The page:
^ Chisholm, Hugh, ed. (1911). "Blazon". Encyclopædia Britannica
(11th ed.). Cambridge University Press.
^ Boutell, Charles, Heraldry, Historical and Popular, 3rd edition,
London, 1864, pp. 8–9.
^ J. P. Brooke-Little: An
Heraldic Alphabet; new and revised edition,
p. 52. London: Robson Books, 1985.
^ a b c "
Blazon in CoA". CoA: The Coat of Arms. Retrieved 26 December
^ Boutell 1864, p. 11.
^ Courtenay, P. The Armorial Bearings of Sir Winston Churchill
Archived 2013-07-18 at the Wayback Machine.. The Churchill Centre.
^ a b Cussans, John E. (1874). The Handbook of
Heraldry (2nd ed.).
London: Chatto & Windus. p. 47.
^ Velde, François (August 1998). "Hungary".
Heraldry by Countries.
Brault, Gerard J. (1997). Early Blazon:
Heraldic Terminology in the
Twelfth and Thirteenth Centuries, (2nd ed.). Woodbridge, UK: The
Boydell Press. ISBN 0-85115-711-4.
Elvin, Charles Norton. (1969). A Dictionary of Heraldry. London:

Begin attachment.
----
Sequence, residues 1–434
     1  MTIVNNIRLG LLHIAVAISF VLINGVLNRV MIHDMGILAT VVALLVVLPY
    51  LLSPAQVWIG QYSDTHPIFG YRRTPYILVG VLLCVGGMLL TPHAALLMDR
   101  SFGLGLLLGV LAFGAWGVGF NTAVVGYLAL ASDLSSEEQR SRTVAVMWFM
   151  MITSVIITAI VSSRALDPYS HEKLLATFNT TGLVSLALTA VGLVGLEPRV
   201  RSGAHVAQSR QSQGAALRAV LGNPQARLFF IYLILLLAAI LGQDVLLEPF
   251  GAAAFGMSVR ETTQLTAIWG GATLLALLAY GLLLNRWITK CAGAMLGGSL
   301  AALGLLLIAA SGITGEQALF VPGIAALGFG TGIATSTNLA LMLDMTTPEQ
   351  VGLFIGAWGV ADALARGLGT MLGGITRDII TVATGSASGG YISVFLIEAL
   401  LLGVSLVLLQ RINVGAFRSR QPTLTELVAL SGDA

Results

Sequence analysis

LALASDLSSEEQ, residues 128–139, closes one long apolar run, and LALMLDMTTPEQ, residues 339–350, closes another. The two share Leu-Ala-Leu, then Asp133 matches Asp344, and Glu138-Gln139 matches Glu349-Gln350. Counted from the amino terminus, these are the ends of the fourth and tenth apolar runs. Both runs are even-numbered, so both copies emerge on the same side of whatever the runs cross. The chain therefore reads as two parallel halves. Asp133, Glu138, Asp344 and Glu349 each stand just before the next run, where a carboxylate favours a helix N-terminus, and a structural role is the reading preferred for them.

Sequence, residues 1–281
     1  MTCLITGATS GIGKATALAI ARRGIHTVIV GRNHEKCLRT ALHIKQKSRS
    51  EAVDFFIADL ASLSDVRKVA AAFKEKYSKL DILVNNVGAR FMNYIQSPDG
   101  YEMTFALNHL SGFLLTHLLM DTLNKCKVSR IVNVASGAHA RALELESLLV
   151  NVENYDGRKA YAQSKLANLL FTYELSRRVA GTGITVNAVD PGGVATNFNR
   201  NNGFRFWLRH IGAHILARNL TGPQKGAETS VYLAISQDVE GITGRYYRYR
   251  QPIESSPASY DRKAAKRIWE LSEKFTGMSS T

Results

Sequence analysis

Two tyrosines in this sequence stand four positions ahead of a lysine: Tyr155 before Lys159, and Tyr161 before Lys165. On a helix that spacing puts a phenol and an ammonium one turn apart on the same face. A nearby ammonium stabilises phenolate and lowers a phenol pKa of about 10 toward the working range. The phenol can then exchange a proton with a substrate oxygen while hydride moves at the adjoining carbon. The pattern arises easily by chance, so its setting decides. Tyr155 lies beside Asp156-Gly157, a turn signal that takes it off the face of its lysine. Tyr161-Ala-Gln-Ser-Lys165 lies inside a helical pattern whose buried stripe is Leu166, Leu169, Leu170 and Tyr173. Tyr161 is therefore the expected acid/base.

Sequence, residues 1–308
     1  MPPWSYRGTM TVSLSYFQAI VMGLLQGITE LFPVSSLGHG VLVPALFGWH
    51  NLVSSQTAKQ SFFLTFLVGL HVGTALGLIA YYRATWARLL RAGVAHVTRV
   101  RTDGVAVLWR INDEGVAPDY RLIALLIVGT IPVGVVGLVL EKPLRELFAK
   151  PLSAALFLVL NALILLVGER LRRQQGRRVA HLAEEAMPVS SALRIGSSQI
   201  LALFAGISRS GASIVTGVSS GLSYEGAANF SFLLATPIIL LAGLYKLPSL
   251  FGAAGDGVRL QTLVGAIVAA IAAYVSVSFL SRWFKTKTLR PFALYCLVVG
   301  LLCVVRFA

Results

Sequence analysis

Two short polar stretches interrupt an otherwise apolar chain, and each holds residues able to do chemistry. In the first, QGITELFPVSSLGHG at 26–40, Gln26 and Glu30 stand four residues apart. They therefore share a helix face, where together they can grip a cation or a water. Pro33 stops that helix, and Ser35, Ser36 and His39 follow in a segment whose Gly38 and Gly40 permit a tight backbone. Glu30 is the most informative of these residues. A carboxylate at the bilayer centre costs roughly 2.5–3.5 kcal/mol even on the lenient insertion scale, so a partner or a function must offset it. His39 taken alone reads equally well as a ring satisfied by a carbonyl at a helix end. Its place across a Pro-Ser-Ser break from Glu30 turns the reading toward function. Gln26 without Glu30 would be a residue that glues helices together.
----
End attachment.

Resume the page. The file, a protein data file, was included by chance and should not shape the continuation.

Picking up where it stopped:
Heraldry Today. ISBN 0-900455-00-4.
Parker, James. A Glossary of Terms Used in Heraldry, (2nd ed.).
Rutland, VT: Charles E. Tuttle Co. ISBN 0-8048-0715-9.
The dictionary definition of blazon at Wiktionary
Media related to Illustrated atlas of French and English heraldic
terms at Wikimedia Commons
Heraldic Dictionary[dead link]
Heraldic Primer, by Stephen Gold and Timothy Shead, explaining the
terminology in detail
Grammar of Blazonry by Bruce Miller
Heraldic Blazon/Emblazon Knowledge, an SCA page with
a lengthy dictionary of blazon terms
Public Register of the Canadian
Heraldic Authority with many useful
official versions of modern coats of arms, searchable online
Heraldry of England and Wales, fully searchable with
Arms of members of the
Heraldry Society of Scotland, fully searchable
with illustrations of bearings
Arms of members of the
Heraldry Society (England), with illustrations
Members' Roll of Arms of the Royal
Heraldry Society of Canada, with
illustrations of bearings
Law of heraldic arms
Grant of arms
Officers of arms
King of Arms, Herald, Pursuivant
Private Officer of Arms
Conventional elements of coats of arms
Slogan (battle cry)
coats of arms
National coat of arms
Augmentation of honour
Sanguine (blood red)
Crowns and coronets
Mantle and pavilion
List of oldest heraldry
Heraldic flag (
Banner of arms)
Women in heraldry
1 Non-traditional, rarely used traditions in italic (typically
regional or modern, considered unheraldic by some)
Rule of tincture
1 Rarely used – mostly only in some regional traditions or as
relatively modern innovations – and considered unheraldic by